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Regulation:

The UK’s second Economic Crime Plan and how AI can help

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Nick Morgan, Head of Legal Professionals Sales• December 12 2023

For the last four years, the UK’s Economic Crime Plan has aimed to equip both the public and private sectors with information and tools needed to ‘detect, deter and disrupt’ financial crime.

The plan particularly emphasised the need for better public-private sector collaboration and highlighted the responsibility held by private companies to combat fraud as “the first line of defence”. It committed to prioritising the development of regtech tools and promoting their adoption so that firms could better identify criminal activity. It also suggested that regulatory bodies needed to take a more consistent, risk-based approach to anti-money laundering supervision.

While the first Economic Crime plan laid the foundations for clamping down on financial crime – including understanding the threats and improving information sharing – the newly introduced Economic Crime Plan 2 focuses on achieving concrete outcomes.

It aims to address developments over the last few years which have seen a dramatic increase in financial fraud, particularly during the pandemic, and the evolving sanctions landscape following Russia’s invasion of Ukraine.

Alongside the plan, the government is also reforming corporate criminal liability with new legislation to hold companies liable for failure to prevent financial crime.

The Economic Crime Plan 2 lays out three broad action pillars: reduce money laundering, combat kleptocracy, and cut fraud with specific outcomes within each pillar.

Rising economic crime in the UK

The National Crime Agency (NCA) estimates over £12bn in criminal cash is generated annually in the UK, and suggests that it’s a ‘realistic’ possibility that more than £100bn is laundered every year through the UK or corporate structures in the UK.

A major concern is that money laundering and other financial crime undermines trust in financial systems and, by enabling unfair business practices, erodes fair competition and damages the market. 

The impact goes beyond the world of finance. Since the majority of financial crime in the UK is linked to illicit drugs and illegal smuggling according to the NCA, there are significant knock-on effects on society more generally.

Without further action, it’s clear that financial crime will continue to grow. The number of fines and other sanctions imposed for money laundering increased by 56% in 2021/2022 compared to the previous year, while the number of reports to the National Fraud Intelligence Bureau increased by 157% in 2022.

What’s new in the second plan?

Changes introduced by the new plan fall under the three overall action pillars: reduce money laundering, combat kleptocracy and and cut fraud.

To tackle money laundering through the misuse of UK corporate structures, the Economic Crime and Corporate Transparency Bill grants Companies House with enhanced powers and an expanded role. 

As a result, Companies House will be able to proactively verify identities of key people, reject and remove information if flagged as inaccurate or suspicious, and proactively share evidence of suspicious activity with enforcement bodies.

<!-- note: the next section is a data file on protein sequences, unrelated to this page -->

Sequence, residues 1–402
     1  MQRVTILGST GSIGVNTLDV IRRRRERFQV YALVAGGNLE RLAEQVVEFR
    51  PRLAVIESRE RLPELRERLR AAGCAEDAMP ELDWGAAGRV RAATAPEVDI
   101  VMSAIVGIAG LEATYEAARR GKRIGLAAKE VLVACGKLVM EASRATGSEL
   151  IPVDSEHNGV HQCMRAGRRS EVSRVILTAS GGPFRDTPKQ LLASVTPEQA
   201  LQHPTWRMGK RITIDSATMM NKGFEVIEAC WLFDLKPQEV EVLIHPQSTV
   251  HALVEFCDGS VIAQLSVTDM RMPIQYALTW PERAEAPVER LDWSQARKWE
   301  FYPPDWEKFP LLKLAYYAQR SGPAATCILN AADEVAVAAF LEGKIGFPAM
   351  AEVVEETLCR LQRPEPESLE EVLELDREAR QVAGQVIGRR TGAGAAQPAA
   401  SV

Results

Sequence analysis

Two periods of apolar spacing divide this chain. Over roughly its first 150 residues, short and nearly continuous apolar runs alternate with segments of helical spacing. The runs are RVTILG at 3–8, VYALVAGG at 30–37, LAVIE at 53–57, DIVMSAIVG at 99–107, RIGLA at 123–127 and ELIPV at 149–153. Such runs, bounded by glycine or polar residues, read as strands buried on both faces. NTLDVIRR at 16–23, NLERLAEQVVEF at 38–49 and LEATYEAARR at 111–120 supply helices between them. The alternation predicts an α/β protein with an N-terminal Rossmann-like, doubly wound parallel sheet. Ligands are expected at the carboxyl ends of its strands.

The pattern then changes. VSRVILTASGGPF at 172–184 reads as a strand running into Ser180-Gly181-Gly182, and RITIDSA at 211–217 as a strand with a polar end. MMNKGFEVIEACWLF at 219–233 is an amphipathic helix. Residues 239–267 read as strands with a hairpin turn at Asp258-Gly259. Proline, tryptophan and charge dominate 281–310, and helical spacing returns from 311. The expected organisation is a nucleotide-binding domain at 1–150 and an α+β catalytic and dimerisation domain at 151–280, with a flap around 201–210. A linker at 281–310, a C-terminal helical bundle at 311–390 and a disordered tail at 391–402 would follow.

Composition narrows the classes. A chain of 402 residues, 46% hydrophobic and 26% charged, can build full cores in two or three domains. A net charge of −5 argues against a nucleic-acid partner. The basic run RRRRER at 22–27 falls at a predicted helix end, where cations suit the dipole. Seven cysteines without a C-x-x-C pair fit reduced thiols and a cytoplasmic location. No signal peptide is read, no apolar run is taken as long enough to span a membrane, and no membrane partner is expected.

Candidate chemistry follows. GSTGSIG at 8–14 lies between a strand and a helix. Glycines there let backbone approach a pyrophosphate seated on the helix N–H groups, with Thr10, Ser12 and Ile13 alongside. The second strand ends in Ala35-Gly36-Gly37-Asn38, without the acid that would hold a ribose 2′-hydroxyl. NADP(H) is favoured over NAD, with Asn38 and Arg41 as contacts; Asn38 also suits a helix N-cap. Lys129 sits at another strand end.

The plan commits to a new phase of reforming the Suspicious Activity Reporting framework with technological and data improvements. And a new programme aims to increase intelligence, investigative capabilities, and resources for criminal asset recovery.

Increasing the effectiveness of the UK’s anti-money laundering regime will also build on the success of existing Public Private Partnerships (PPPs) for reporting money laundering, which have seen more than 300 arrests and the seizure of £146m. The new plan proposes more partnerships tackling specific criminal activity like money mules.

Under the ‘combatting kleptocracy’ pillar, the plan sets out concrete measures including sector-specific assessments of the threat relating to financial sanctions, and enhancing cooperation with international jurisdictions to ensure those sanctioned experience the full impact due to widespread implementation. 

A new Fraud Strategy detailed in the plan aims to cut fraud with a three-pronged approach: improve processes to bring fraudsters to justice, block fraud at the source by intercepting fraudulent communication before it reaches the intended audience, and empower the public to detect and report fraud.

How can AI help?

The Economic Crime Plan 2 increases the emphasis on private companies proactively contributing to national crime-prevention efforts. This includes thorough due diligence to be able to flag unusual activity, map relationships which may be relevant to sanctions, and identify assets and asset movement to aid asset recovery.

But the ability to continuously gather and use this information is beyond what a compliance team can do manually. That’s where AI tools like Xapien come in. 

Built with cutting-edge AI and machine learning technology, Xapien enables organisations to search clients against licensed data sets, official registries, and trillions of web pages to comprehensively gather available data about them. 

It then summarises the information in concise sections, allowing compliance teams to focus on the strategy based on the findings. This not only enables informed decision-making for a firm’s own compliance team but also equips firms to contribute to collaborative efforts to combat financial crime.

Need more reading material? Our Head of Legal Professionals Sales wrote a blog on how to strengthen AML risk management with deep contextual research on clients and third parties.

To learn more about Xapien, book a chat with our team of experts.

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